Newsletter and Technical Publications
<International Source Book On Environmentally Sound Technologies
for Wastewater and Stormwater Management>
1.2 Collection and transfer (Topic b)
How has Africa fared since the end of the Drinking Water Supply and
Sanitation Decade in 1989?
Coverage refers to the percentage of the population that has access to
collection and disposal of wastewater, with or without treatment. Table 1.10
indicates that sanitation coverage in the sub-Saharan Africa (SSA) increased
from 28% in 1980 to 36% in 1990. Today, access to adequate excreta disposal is
available to only about 35% of the population. Technologies used for the safe
disposal of excreta are mostly of the individual type, mainly septic tank system
and simple latrines. Communal systems, such as conventional and small bore
sewers are rare, and available in some urban high income areas only.
In communities where space is lacking, or no nearby reliable water supply is
available, the feasibility of water borne sewerage or even pourflush latrines
becomes questionable. Households seem to be more aware of these limitations than
many technical agencies. For example, in Kumasi, Ghana, more than 50% of
households preferred a ventilated latrine to a water-flushed toilet, because the
former does not depend on water, is simple and does not break.
The population of Botswana is over 200,000 and still growing
at 12% per annum. The capital Gaborone is fully sewered, but roughly half of its
households have chosen not to connect to it. This is largely due to
affordability, for in-house water and sewerage connection raises SHHA plot cost
Table 1.10: Water supply and sanitation coverage in Africa
(a) Coverage for all sanitation types
(b) Coverage of full waterborne sewerage connections in some countries
||% population connected
||Available access is 100%; length
of sewer is 1.85 km /1000 persons
|| % of national population
||See Table 10.
||DANIDA project: Busia, Homa
Bay,Isiolo and Nyahururu .(See Table 22).
|Malawi/all urban areas
||100; whole territory (75)
|| Abuja City in Wupa
drainage district houses 200,00 people.
||Population of 90,000
|South Africa/all towns and
||Ratio of all urban population
(totalling24.5 million in 1990.
|South Africa/North Cape
||For the whole province.
|South Africa/Western Cape
|| Out of a total urban
population of 3.156 million in the province.
|| ~ 100
|| High income dwellers who
have large plots of >2,000m2 are allowed to have preferred septic
tanks; length of sewer is 4.1 km/1000 persons
|Note: Blantyre and Lilongwe each has a water
board. Donor environment appears favourable: as many donor organizations
have provided financial assistance through grants and loans The donors
include World Bank, UNICEF, UNDP, USAID, DANIDA, EEC, ADB, CIDA, British
and French governments.
In 1992 per capita water consumption in Harare was 73 l/c/d for high density,
200 for medium and 311 for low density residents. On the average Harare water
users pay $0.15/m3, less than 25% of the real marginal cost of the
water. The price of Harare water is based not on its cost, but on the anticipated
Virtually all the inhabitants of Harare’s recognized residential areas -
low and high density - have access to water-flushed toilets and almost all those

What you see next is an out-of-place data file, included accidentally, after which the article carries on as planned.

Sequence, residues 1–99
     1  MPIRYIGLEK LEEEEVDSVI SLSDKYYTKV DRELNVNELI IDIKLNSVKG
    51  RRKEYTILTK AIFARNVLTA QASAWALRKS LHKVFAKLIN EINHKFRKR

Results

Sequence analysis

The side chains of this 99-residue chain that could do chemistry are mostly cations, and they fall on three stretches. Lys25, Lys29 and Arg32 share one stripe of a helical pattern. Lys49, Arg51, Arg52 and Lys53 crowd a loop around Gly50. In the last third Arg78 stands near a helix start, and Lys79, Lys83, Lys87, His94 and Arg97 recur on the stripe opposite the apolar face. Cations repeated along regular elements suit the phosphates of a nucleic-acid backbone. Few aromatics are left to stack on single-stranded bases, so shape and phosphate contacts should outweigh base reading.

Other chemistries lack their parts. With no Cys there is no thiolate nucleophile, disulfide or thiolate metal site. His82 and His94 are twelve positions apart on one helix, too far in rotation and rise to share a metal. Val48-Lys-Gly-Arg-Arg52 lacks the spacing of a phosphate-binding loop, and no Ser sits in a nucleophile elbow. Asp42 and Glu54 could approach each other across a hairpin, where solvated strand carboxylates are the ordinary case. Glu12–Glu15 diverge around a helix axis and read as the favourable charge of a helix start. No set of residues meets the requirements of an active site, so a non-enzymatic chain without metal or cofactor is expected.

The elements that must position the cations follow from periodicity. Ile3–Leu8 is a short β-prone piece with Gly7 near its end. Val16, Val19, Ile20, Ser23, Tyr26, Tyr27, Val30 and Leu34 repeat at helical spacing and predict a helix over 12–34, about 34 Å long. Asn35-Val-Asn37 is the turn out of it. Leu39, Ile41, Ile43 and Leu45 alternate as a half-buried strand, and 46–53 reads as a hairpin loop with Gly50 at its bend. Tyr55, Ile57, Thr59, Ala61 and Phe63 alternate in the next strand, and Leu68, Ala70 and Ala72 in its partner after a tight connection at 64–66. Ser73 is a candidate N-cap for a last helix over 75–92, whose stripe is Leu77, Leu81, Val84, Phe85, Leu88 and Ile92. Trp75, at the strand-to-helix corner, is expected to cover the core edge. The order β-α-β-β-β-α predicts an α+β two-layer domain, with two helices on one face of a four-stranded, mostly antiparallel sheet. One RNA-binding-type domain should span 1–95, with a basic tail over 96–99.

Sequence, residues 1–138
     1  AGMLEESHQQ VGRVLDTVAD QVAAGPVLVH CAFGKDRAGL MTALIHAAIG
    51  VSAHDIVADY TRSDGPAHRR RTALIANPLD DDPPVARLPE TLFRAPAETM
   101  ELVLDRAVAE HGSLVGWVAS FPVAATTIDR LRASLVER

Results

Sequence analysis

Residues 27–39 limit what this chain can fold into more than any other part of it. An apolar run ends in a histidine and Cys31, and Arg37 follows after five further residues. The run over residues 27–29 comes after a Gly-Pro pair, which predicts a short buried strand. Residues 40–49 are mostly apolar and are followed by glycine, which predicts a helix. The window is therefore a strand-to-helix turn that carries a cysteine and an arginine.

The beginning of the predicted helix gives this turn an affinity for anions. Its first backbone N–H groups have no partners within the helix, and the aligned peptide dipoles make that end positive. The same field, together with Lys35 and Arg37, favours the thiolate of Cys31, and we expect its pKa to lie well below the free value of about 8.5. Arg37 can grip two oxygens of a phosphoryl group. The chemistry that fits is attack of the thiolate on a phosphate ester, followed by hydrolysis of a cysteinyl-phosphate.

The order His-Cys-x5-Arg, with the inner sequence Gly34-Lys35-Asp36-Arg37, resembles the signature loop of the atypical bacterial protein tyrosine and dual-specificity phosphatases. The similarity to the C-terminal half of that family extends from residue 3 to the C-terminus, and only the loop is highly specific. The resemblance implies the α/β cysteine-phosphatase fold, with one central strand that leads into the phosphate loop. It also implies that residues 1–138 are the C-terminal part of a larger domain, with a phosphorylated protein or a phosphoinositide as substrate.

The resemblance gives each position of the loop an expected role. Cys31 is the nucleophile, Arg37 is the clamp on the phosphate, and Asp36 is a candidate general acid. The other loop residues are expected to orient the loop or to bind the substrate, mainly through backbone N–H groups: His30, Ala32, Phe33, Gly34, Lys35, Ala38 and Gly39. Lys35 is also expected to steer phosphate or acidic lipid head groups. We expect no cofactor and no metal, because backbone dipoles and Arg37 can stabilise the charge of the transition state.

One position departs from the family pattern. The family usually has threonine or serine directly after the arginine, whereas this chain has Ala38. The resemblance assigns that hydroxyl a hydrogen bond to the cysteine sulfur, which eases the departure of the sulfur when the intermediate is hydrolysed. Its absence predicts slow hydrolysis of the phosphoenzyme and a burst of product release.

who need to be connected to sewers are connected. High income dwellers who have
large plots of 2,000m2 or more are allowed to have septic tanks if
preferred. This is an achievement not matched by any city with such a low GDP
When Gaborone was established in the mid-1960s, practically the whole of it
was sewered by a system of gravity sewers, with treatment facilities in a series
of waste stabilization ponds. Everyone could be connected to the sewer system,
but not all have been connected. The non-SHHA plots with roughly 50% of Gaborone’s
population, have water-borne flush toilets attached to the sewer system. The
SHHA plots (low-cost or low-income housing) with the other half of the
population, have pit latrines in their yards.
The core of every SHHA plot not connected to the sewer seems to be the VIP
toilet. Sludge removal frequency is once in 2-5 years, but in Gaborone, some
pits have to be emptied once a week and many of them once in a year.
Both Harare and Gaborone are fully sewered in the sense that almost everyone
could be connected up to the existing system. The length of sewer system in
Harare is 4.10 km per 1000 population, and Gaborone 1.85 km per 1000 persons.
The population of Addis Ababa is some 2.113 million. A sewerage system was
commissioned in 1981 to serve only the central part of Addis Ababa. It is a
small system with a capacity to serve only 200,000 users, but is not operating
at full capacity. The treatment plant is located at Kalitie and was designed for
just 50,000 people, but can be expanded to serve 100,000 and then
150,000-175,000 (World Bank, 1997).
The excessive growth of Dar es Salaam (8% p.a.) over-stretched the drainage
system and flooding frequently disrupted economic activities. In 1987 President
Nyerere had to intervene personally to immediately effect maintenance work on
the sewer network and drains. At that time most of the sewer network was
completely blocked by materials and only 2 of the 17 sewage pumping stations
were functional. Indeed, only 12% of Dar es Salaam’s population had access to
the choked sewers by the early 1980s while 8% used septic tanks and 80% had pit
latrines (Oyebande, 1990).